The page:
On Friday afternoons, I'll be popping into a couple of classrooms to celebrate student success in STMath. One K-2 classroom and one 3-5 classroom will be recognized for extraordinary effort each week. Sometimes we'll be recognizing puzzle count, sometimes we'll be recognizing positive habits like the use of tools and perseverance during STMath time. Sometimes we'll be celebrating the extraordinary effort of the classroom teacher to make STMath time powerful and joyful for the students. How will we recognize success? A stuffed JiJi will spend the week with your students until it is time to recognize a new group of students the following Friday.
This week we're recognizing Ms. Curie's 2nd grade class and Ms. Walther's 3rd grade. Both classes solved an impressive number of puzzles this week.
Congratulations to Ms. Huynh and Ms. Whitesides' 2nd grade class. They've met an important STMath milestone.
As a reminder, on Wednesday, September 28th, many teachers will be able to access some in person STMath professional development. Our math leadership team will be working with our new Education Success Manager, Allison Hamblett, to design some PD that is both engaging and useful! Our session will be held right here at Claypit Hill. More information will be coming soon!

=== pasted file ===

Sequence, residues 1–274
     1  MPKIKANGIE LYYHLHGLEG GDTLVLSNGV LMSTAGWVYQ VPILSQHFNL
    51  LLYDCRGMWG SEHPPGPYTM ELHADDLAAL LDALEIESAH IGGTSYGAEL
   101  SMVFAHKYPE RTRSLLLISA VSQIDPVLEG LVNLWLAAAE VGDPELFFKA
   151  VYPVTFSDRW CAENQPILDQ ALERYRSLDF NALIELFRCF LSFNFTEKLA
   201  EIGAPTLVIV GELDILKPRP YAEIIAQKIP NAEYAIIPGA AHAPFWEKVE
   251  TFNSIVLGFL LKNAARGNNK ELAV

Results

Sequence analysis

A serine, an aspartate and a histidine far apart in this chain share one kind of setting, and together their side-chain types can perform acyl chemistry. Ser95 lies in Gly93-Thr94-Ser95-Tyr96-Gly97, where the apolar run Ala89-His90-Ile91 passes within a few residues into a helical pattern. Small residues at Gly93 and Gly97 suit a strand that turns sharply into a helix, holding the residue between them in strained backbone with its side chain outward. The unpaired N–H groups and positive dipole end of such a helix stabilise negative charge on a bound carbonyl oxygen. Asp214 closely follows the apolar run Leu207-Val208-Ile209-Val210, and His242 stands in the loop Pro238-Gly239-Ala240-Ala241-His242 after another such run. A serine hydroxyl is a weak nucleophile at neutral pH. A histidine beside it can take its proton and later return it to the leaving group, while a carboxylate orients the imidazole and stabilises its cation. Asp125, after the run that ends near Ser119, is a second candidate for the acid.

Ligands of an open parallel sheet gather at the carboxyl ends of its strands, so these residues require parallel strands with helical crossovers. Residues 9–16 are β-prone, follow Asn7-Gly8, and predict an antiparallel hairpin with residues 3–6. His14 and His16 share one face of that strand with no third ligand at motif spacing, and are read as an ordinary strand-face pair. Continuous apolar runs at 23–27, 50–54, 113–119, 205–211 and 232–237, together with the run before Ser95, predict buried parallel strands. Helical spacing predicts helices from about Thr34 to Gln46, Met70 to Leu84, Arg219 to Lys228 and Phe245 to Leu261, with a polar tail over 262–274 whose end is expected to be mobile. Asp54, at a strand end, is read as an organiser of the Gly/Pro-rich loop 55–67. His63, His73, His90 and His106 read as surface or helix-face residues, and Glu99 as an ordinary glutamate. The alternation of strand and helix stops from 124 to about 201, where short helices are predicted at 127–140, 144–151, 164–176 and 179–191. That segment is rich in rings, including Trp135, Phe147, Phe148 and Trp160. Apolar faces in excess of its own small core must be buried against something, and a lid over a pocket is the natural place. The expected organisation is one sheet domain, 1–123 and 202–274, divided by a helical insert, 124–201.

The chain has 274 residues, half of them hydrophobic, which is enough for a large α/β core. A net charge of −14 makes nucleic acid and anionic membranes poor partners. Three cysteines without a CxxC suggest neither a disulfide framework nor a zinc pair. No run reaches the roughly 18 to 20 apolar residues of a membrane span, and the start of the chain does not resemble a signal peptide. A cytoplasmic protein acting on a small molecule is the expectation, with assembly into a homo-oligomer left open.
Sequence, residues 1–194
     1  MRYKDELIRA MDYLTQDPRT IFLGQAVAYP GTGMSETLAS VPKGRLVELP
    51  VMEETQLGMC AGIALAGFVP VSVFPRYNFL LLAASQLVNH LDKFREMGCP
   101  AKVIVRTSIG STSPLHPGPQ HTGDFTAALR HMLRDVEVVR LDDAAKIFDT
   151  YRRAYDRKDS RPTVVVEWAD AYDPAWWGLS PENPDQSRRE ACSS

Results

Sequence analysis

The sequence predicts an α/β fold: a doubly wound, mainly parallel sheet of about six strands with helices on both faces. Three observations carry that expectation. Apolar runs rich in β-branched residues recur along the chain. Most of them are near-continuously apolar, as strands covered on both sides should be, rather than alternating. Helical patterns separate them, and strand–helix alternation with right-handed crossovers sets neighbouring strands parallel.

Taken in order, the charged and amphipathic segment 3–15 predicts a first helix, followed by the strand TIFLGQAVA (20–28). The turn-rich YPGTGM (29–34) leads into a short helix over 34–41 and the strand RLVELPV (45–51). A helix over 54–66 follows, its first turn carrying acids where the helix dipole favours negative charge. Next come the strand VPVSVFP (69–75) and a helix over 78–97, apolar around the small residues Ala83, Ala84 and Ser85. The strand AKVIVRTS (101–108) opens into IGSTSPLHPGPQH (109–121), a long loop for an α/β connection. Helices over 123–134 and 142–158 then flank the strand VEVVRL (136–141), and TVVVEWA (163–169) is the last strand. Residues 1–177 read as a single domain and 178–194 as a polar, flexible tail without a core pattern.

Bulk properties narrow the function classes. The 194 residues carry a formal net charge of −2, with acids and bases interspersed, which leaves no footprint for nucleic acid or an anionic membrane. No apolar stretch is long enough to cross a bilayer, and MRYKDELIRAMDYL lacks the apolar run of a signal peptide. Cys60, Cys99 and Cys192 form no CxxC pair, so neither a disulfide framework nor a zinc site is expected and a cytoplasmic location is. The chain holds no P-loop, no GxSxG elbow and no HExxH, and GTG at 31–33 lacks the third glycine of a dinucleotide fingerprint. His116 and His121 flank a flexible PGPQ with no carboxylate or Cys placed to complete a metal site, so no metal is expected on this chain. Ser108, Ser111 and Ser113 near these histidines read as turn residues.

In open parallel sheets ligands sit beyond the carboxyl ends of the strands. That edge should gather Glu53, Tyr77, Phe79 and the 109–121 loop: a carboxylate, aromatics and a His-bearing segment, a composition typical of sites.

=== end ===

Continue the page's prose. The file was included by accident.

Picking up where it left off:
If you'd like to get started in creating an amazing STMath culture in your classroom and you want to begin NOW there are lots of resources for teachers on the STMath pages of my website.
Bridges Intervention System Training for Special Educators
Math PLC Preview
- Answer any questions about the iReady diagnostic
- Receive feedback from your team regarding your revised unit 1 assessment
- Talk about the WIN block and your immediate concerns and needs
- Set some goals for using iReady during the week
- Set some goals for using STMath during the week
- Start to think about how we'll begin our work together